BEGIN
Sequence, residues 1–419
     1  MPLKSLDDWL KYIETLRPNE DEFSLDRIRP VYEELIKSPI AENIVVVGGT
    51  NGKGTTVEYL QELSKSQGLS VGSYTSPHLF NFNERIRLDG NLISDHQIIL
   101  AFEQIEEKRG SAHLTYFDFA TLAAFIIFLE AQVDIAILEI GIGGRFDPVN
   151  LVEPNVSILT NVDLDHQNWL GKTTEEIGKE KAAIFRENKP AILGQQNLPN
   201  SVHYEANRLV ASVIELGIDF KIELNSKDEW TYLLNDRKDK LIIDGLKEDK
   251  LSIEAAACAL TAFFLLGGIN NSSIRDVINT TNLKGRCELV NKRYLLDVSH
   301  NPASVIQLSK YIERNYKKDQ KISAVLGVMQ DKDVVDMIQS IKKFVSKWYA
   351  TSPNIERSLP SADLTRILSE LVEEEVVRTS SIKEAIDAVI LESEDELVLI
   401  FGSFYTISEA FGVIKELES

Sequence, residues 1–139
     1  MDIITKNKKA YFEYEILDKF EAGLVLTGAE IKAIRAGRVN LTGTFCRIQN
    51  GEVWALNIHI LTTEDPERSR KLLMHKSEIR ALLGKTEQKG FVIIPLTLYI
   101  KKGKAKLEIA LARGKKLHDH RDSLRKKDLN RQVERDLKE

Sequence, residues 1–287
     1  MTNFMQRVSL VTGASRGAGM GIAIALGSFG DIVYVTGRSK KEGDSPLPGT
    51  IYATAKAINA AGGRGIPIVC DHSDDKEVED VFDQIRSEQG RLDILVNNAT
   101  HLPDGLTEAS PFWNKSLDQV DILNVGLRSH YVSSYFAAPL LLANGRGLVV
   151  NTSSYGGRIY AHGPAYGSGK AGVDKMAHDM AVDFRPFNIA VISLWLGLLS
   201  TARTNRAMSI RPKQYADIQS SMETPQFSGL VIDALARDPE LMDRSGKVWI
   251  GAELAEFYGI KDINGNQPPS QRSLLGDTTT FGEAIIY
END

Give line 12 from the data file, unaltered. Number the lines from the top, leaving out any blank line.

     1  MDIITKNKKA YFEYEILDKF EAGLVLTGAE IKAIRAGRVN LTGTFCRIQN